• Be obsessive about the unit economics. Ultimately, this is about massive scale. With that great opportunity comes the great risk of product (and company) failure if you don’t get your unit economics right, because when a product finally connects in the market, adoption suddenly takes on viral characteristics in these high-density population areas. Don’t live in cost denial! Our analysis of a simple honey sachet came to include cost of honey and packaging. But what about waste in processing and packaging? What about product returns and replacements? Or the logistics of wholesale fulfillment. Direct sales costs – all of them. Don’t forget a marketing allocation, which should be 10 percent of the net revenue of each little sachet (and much higher in the early stages). These are very real costs.
  • Create the ideal market context and test within that. Find the “bright spots” to target and optimize your learning efforts. This means active, aggressive sales reps to build relationships in the trade; getting timing right (see below); ensuring product quality among your early production runs; detailed analysis of foot traffic and routing produce promotional samples; and below-the-line point-of-sale materials to maximize consumer trials. Imagine a hyperactive group of kids, honey samples in hand, following the Asali Poa Pied Piper through the streets of our ideal routes, their numbers growing around every corner.
  • Timing is everything. Timing of visits; i.e. is the shop owner there or just the assistant? You need the decision maker, and it’s more likely that his or her niece or youngest son is running the shop that day instead. What time of day is best for making purchases? Bread, milk and eggs are stocked early in the morning and our best chance to lay claim to any remaining working capital for honey sachets is right after that. Which day of the week does your sales rep visit? Most trade stocks weekly, and most days there may be no decision maker and no cash available if you’re showing up at random. What about holidays and other schedule disruptions? We must convince our trade to stock double when Jamhuri Day or any other holiday happens that same day the following week, because otherwise we’ll miss that stocking day and Asali Poa will be OOS (out of stock) on that route.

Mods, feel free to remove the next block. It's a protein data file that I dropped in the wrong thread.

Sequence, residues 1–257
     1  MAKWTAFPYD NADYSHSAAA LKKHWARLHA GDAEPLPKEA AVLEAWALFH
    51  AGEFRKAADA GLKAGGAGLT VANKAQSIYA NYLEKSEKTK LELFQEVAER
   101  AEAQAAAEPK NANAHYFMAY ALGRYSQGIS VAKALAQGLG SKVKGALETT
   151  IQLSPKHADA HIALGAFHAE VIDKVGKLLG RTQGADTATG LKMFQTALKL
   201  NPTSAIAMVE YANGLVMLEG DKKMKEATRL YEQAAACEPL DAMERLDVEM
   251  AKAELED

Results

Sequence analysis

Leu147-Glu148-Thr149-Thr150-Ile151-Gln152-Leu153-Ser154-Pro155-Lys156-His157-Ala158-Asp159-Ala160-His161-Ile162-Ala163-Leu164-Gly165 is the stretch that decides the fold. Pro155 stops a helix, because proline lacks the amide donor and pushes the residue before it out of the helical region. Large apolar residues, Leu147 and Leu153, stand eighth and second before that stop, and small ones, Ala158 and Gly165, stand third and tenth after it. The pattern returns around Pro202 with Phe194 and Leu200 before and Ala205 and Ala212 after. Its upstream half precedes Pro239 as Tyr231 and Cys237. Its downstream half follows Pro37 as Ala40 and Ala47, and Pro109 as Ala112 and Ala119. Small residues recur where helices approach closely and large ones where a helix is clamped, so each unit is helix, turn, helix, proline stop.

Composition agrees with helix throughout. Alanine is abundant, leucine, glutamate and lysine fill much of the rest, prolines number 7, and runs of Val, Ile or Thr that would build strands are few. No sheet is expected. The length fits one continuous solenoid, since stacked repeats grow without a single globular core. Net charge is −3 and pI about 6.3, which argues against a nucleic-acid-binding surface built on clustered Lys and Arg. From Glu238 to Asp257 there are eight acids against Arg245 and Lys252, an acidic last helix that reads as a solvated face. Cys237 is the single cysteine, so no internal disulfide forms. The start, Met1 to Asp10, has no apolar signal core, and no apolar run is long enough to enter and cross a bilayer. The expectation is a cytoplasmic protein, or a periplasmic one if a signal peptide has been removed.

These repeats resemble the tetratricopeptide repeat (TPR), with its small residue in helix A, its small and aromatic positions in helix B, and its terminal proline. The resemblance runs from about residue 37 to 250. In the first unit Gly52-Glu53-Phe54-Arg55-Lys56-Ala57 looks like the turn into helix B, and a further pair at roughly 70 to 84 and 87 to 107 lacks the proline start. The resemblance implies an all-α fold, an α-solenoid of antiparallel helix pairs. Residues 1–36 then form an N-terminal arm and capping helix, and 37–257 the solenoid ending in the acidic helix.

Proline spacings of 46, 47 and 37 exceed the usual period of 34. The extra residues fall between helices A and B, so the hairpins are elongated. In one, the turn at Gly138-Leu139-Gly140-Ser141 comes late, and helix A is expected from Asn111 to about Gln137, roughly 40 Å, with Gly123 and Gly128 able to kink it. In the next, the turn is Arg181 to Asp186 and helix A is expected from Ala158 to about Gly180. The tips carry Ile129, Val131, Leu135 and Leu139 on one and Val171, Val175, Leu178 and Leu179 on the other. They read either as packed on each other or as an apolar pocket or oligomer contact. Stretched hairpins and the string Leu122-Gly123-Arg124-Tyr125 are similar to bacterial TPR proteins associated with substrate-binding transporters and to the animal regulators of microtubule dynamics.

Image credit: Jonathan Kalan.

In spite of, or perhaps because of, the great challenges, the Asali Poa launch has been an exciting experience and a lot of fun, too. Along with our other honey product lines, it’s growing fast across East Africa.

Incidentally, as we continue to scale this up, we’re recruiting for a head of sales and other core members of our sales team to lead the execution of our exciting distribution strategy. Are you up to the challenge?

Alexei Bezborodov is the head of marketing for Honey Care Africa.

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consumer products, pricing, retail, supply chains